After the presentation of the SnapdragonARM architecture intended for the PC world, Qualcomm has shared a series of data that photograph the performance of the US company’s new top of the range.
Snapdragon X Elite it is the new processor made at 4 nm that brings the latest Qualcomm cores Orion on notebooks. The goal is to offer users a convincing alternative to x86 processors, which have dominated the PC market to date. As we have highlighted, the x86-64 or ARM64 instruction set (ISA) does not matter in the chip race: what matters is the design of processors that allows you to push on performance, on the reduction of energy consumption, on integrated functions.
Intel is skeptical that ARM SoCs can pose a real threat on the PC side
And if Pat Gelsinger, CEO of Intel, states that he does not see a real threat on the horizon from ARM SoCs in the PC sector, NVidia and AMD have decided to invest in the development of ARM processors in the same market segment. The number one of Intel he adds that historically ARM proposals have played a marginal role on the PC side while his company has a robust and convincing roadmap. On the other hand, however, Gelsinger himself – as he has stated several times – sees the production of ARM chips for third parties as an exceptional opportunity for Intel which will strengthen foundry activities and his business.
Gelsinger’s words may seem contradictory and perhaps, at least in part, they are. The impression is that Intel is considering ARM’s arrival in the PC world as an opportunity and not just a threat. While AMD claims that Intel will regret its choice to produce SoCs for third parties, the Santa Clara company is convinced that it is on the right path, an approach that will allow it to grow significantly in the years to come.
It’s time for bets and strong investments: in a few years we will see who was right, with the RISC-V architecture in the background.
How fast is the new Qualcomm Snapdragon X Elite compared to Intel, AMD and Apple processors
Independent benchmarks do not yet exist. However, a few days after the presentation of the new Snapdragon performance that users can expect.
The company led by Cristiano Amon has prepared two reference configurations: the first is intended for a high-performance laptop system, the second for a thinner and lighter device (ultrabook). In the first case, the Snapdragon clock frequency boost equal to 4.3 GHz and 3.8 GHz on all cores. The test device, described by Qualcomm, is 16.8 mm thick and features a 16.5-inch LCD screen with a resolution of 3840×2160 pixels. The device is also characterized by a TDP of 80 W and is based on an 87 Wh battery.
The “Configuration B” revealed by Qualcomm features slightly lower clock frequencies for the Snapdragon X Elite SoC (4 GHz/3.4 GHz). Here the reference device is a little thinner (thickness equal to 15 mm), with a 14.5-inch OLED screen (resolution of 2880×1800 pixels). The system has a TDP of 23W and a 58Wh battery.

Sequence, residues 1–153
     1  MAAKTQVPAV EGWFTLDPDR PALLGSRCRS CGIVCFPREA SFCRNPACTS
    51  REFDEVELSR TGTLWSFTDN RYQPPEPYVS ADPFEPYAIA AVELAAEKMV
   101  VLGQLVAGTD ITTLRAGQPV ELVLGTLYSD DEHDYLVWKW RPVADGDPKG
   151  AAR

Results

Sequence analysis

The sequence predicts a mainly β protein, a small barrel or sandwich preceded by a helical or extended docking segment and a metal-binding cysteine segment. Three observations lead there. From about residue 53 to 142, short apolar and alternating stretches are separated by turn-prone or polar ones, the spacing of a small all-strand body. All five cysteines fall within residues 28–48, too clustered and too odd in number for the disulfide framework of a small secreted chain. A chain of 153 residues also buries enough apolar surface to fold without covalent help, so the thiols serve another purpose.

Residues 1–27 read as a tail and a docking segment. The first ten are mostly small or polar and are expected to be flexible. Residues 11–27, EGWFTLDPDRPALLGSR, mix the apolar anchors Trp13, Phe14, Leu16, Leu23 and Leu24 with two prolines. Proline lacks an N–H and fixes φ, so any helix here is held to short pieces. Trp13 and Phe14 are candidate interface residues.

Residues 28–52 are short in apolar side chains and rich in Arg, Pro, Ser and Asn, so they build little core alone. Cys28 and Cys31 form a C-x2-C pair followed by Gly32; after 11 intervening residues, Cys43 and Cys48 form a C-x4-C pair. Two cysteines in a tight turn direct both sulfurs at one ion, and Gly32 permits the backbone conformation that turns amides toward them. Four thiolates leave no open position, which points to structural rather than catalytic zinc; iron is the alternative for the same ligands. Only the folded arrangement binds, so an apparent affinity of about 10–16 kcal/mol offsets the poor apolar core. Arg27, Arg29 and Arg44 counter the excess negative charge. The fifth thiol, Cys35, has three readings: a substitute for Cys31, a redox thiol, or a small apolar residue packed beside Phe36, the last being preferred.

Given the low TDP, in the second case Qualcomm would use a passive cooling system. In reality the company has opted for a solution of active heat dissipation in both configurations.
Snapdragon X Elite performance compared to competing processors
Qualcomm compared its new Snapdragon X Elite to a processor Intel Core i7-13800H used in a 2023 Razer Blade 15 notebook, with a AMD Ryzen 9 7940HS mounted on the 2023 ASUS ROG Zephyrus G14 system and a Apple M2 used in the 2022 13-inch MacBook Pro. Qualcomm avoided a comparison with the Raptor Lake-H mobile CPU Core i9-13900HIntel’s current top of the range.
Qualcomm engineers say the Snapdragon single thread. With the Cinebench 2024 benchmark the margins are even higher: the performance in single thread they would be up to 15%, 21% and 9% better in the case of the three rival processors examined.
Also in multi thread the Sanapdragon of 22%, 25% and 113% with Cinebench, always taking as reference – in order – Core i7-13800H, Ryzen 9 7940HS and Apple M2.
Using the specialized benchmark UL Procyon AIQualcomm provided some results on the processing of artificial intelligence: the NPU Hexagon of the Snapdragon X Elite promises up to 45 TOPS, up to 10 times higher than those of Intel and AMD chips.
The performance of the integrated graphics section
And how does the Snapdragon X Elite’s iGPU perform? In this case the data must be taken with a pinch of salt: Qualcomm seems to have chosen the benchmarks in which its SoC excels. GFXBench Aztec Ruins e 3DMark Wildlife in fact, they are tests more oriented for use on smartphones. The numbers, therefore, are impressive: frame rate higher than 98%, 151% and 19% in Aztec Ruins; higher than 67%, 54% and 9% with 3DMark Wildlife.
Two final words
Qualcomm’s tests were performed without it emulation, which negatively affects performance. The comparison is based on the use, on the one hand, of native applications for ARM and other x86 versions running on systems based on the same architecture.
Furthermore, the systems prepared for the occasion can rely on the use of RAM memories LPDDR5X-8533, a feature that evidently gives the Snapdragon X Elite a concrete advantage over its rivals in some benchmarks. The Core i7-13800H and Apple M2 support LPDDR5x-6400 memory, while the Ryzen 9 7940HS natively supports LPDDR5x-7500 RAM.
Qualcomm’s Snapdragon X Elite can therefore count on one bandwidth in terms of RAM memory 33% higher than the Core i7-13800H and Apple M2 and 14% higher than the Ryzen 9 7940HS.
Finally, it must be said that the first Snapdragon new generations of Intel, AMD and Apple chips: Raptor Lake Refresh, Strix Point e M3.